In 1877, when the Italian astronomer Giovanni Schiaparelli drew the first detailed map of Mars, he imagined the planet as an earthly paradise. He labelled one region Eden, another Elysium, others, on later maps, Arcadia and Utopia. Peering through his telescope on the roof of the Palazzo di Brera, in Milan, Schiaparelli had seen what looked like oceans, continents, and water channels swim into view. “The planet is not a desert of arid rocks,” he wrote. “It lives.” And his successors often took him at his word: the sharper their telescopes, the blurrier their vision. They saw mountains of ice and rivers of snowmelt, William Sheehan writes in his 1996 book, “The Planet Mars: A History of Observation and Discovery.” They saw fertile oases and a moss-green equator. They saw an irrigation system so linear and “trigonometric,” as the astronomer Percival Lowell put it, that it could only be the work of a highly intelligent race. Some even saw a Hebrew word for Almighty—Shajdai—spelled out on the planet’s surface. “True, the magnitude of the work of cutting the canals into the shape of the name of God is at first thought appalling,” the San Francisco Chronicle noted in 1895. “But there are terrestrial works which to us today seem no less impossible.”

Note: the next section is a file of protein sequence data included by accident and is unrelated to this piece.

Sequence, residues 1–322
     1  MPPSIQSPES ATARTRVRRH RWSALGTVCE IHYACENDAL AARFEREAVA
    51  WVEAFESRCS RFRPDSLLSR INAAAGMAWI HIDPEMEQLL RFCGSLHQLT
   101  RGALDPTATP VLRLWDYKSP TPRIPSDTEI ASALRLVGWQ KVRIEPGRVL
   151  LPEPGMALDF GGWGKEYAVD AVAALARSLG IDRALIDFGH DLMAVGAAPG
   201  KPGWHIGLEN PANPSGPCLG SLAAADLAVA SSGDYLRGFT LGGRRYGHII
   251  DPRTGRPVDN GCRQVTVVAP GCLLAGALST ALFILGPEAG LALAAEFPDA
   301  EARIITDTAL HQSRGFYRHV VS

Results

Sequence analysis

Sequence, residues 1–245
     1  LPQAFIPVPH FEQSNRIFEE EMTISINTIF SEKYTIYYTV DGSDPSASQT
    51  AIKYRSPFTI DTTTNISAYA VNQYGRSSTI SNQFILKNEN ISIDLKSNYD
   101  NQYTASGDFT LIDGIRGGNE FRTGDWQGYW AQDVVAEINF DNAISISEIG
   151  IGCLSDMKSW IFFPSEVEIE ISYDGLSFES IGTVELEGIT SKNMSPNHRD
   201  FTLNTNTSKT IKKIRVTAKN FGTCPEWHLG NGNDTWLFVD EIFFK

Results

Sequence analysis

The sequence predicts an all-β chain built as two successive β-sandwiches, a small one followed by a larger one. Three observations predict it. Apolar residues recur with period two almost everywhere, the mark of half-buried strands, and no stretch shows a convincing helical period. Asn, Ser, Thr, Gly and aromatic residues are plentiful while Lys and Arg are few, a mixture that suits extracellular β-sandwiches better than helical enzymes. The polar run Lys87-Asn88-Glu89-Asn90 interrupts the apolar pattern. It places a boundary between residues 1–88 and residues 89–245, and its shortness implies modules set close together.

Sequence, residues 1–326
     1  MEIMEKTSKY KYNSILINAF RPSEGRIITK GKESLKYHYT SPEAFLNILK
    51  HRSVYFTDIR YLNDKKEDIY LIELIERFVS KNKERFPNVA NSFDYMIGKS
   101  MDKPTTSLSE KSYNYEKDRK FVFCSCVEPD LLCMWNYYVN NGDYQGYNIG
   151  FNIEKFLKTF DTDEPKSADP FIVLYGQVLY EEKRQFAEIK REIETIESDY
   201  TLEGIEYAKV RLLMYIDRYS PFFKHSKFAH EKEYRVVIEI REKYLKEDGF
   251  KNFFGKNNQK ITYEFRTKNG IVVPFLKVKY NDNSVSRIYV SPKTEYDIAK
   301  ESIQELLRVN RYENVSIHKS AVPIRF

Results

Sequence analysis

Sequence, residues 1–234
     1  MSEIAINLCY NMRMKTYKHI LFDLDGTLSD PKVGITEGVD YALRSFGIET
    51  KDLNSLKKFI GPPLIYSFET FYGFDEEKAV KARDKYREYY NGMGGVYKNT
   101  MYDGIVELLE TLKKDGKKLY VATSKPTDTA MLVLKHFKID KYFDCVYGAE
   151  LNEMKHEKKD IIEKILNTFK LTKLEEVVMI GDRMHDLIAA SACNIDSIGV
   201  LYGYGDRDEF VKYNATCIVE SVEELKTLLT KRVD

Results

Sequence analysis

By the time humanity got its first closeup view of Mars, a little less than a century after Schiaparelli mapped it, the planet had come to seem like a second, more exotic Earth. Books like “The Martian Chronicles” described a place of eerie desert grandeur, inhabited by slender, tawny beings given to strange hallucinations—Taos without the tourists. And though infrared studies suggested that its surface had seventy times less water than Earth’s driest desert, biologists still hoped for the best. “Given all the evidence presently available, we believe it entirely reasonable that Mars is inhabited with living organisms and that life independently originated there,” a study by the National Academy of Sciences concluded in March, 1965.